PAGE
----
September 03, 2014
Early Puberty: Social Injustice?
Be Well

Early Puberty: Social Injustice?

by Keng Lam  |  

Can belonging to certain ethnic groups be associated with early puberty? Apparently so.

A study published recently in Pediatrics shows that those in some ethnic groups are more likely to go through puberty earlier than those in other groups. The study followed more than 1,200 girls in the U.S., who were from various ethnic backgrounds, for seven years, whose ages ranged from six to eight at the study's start.

The researchers found that the median age for the start of breast development—considered a key marker for puberty—for white non-Hispanic girls was 9.7 years, which is earlier than previous studies have found. For African Americans and Hispanics, however, the median ages were 8.8 and 9.3 respectively, a significant difference from that of the white girls.

But why should we care about early puberty? According to study co-author Julianna Deardorff, Ph.D., an assistant professor of maternal and child health at the UC Berkeley School of Public Health, early puberty has been linked to depression, body-image issues and substance use at a younger age. When these girls become adults, they are at higher risk for cardiovascular diseases, breast cancer and cervical cancer.

Like previous researchers, these scientists found that the girls in the study who were overweight—as determined by their Body Mass Indexes, or BMIs— were more likely to go through puberty earlier than normal. As the authors wrote, "The obesity epidemic appears to be a prime driver in the decrease in age at onset of breast development in contemporary girls."

But these researchers determined the sexual maturity of the study subjects by carefully monitoring their breast development. This method, which negated the need to estimate the start of the girls's breast development, has not been used often because it requires hands-on physical examinations of the breasts. “One reason this study is unique is that we have very good data on when girls began their breast development. By palpating the breasts, we were able to distinguish breast tissue from fat,” says Deardorff.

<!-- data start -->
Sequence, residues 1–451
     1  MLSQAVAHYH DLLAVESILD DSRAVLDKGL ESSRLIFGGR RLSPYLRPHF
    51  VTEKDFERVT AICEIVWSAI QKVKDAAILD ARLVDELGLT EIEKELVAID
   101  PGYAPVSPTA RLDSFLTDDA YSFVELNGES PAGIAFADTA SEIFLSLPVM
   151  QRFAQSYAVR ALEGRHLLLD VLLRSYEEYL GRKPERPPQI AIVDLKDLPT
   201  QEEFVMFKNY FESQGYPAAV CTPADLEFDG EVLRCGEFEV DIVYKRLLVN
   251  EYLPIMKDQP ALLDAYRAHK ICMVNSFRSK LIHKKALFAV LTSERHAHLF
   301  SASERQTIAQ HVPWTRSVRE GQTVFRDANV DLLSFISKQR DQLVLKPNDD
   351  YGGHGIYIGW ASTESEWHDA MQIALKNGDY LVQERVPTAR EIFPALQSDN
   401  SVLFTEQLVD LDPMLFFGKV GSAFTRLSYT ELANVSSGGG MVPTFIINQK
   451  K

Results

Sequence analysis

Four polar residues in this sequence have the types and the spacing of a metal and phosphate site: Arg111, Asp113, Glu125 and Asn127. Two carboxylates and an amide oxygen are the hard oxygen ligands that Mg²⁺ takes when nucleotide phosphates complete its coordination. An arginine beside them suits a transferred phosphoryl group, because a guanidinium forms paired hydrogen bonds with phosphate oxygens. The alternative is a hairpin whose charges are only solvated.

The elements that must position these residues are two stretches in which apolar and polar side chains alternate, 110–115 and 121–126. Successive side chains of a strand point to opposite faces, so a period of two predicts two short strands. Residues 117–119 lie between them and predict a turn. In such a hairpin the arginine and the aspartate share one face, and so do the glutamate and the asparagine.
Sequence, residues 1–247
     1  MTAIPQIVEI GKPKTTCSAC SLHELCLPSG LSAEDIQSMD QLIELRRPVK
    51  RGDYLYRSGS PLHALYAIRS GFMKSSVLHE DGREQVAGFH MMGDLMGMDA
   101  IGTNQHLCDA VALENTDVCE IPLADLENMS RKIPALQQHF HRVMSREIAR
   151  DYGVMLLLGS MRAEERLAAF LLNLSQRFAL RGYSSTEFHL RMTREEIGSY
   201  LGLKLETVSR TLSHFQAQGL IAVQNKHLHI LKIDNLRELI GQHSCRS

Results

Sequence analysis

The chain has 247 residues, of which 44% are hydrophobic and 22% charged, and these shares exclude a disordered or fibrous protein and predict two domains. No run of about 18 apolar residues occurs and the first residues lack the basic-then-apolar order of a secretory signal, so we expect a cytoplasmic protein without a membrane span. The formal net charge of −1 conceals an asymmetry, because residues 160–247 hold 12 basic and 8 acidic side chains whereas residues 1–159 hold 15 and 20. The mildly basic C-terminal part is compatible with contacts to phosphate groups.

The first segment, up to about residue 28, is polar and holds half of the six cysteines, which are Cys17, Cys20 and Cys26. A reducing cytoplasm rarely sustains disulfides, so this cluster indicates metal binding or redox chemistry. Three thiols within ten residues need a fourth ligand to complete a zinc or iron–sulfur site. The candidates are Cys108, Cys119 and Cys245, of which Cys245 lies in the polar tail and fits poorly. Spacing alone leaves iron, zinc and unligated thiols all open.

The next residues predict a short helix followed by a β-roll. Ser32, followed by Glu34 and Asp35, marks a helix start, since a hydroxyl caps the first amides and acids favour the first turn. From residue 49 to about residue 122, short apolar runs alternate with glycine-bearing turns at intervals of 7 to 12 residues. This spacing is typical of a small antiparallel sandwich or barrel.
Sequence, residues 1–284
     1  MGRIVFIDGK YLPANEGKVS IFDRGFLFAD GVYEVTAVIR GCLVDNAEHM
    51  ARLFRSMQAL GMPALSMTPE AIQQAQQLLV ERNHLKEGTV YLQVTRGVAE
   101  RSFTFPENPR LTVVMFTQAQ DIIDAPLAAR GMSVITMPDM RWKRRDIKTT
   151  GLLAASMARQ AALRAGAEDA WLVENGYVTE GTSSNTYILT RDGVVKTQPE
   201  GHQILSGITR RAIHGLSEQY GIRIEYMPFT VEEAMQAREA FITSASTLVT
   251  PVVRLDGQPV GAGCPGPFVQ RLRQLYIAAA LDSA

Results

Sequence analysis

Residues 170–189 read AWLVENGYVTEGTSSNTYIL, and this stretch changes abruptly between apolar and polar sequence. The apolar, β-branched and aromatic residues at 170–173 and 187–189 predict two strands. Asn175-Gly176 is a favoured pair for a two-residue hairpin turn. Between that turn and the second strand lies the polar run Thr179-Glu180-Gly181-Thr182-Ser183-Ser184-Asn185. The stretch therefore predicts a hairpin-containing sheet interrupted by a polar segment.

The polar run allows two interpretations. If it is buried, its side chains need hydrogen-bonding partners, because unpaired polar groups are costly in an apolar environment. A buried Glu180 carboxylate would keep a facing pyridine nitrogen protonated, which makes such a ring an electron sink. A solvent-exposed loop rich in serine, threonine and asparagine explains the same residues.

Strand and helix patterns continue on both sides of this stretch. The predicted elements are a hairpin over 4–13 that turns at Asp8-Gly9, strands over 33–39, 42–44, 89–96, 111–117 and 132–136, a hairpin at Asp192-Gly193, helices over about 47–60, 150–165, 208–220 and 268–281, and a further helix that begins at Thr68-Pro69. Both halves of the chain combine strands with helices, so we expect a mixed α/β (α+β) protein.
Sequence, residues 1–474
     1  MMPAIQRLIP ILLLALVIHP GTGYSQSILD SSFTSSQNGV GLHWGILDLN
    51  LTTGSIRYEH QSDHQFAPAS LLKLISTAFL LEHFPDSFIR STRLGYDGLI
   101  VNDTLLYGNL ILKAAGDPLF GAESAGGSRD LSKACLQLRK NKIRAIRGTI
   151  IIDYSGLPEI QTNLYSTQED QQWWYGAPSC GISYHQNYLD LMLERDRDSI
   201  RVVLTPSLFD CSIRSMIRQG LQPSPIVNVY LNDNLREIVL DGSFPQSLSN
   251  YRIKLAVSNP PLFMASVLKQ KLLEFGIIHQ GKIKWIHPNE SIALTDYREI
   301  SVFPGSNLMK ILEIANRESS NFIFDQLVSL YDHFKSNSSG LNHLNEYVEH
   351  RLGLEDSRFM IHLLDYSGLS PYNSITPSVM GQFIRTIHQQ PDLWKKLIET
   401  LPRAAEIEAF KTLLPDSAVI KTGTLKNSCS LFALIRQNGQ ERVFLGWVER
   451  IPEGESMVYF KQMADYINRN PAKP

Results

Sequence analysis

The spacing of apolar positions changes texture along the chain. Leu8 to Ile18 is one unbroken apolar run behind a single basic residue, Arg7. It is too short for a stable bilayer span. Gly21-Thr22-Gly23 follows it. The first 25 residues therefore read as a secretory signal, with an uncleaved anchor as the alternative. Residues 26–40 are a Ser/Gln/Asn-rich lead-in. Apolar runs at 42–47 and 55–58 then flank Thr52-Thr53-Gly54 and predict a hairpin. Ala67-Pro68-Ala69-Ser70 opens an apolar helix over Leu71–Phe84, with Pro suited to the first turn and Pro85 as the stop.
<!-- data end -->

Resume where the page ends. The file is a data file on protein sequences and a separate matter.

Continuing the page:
Some experts think that early puberty in certain groups may be related to genetic differences. But others suggest it's likely due to differences in socioeconomic status and environmental factors (such as lack of access to healthy food), which we need more research on. In fact, Deardorff and her research team are now finishing work on another study on early puberty, and she expects results to confirm that much of the variance between ethnic groups is related to both high BMI and low socioeconomic status.

For Deardorff, these differences in early puberty are a marker of inequity. For example, obesity is much more prevalent among African American and Mexican American adolescents than in non-Hispanic whites in the US. And data from the National Center for Health Statistics shows that in recent years, obesity rates have increased more significantly in African American boys and girls than in Caucasians.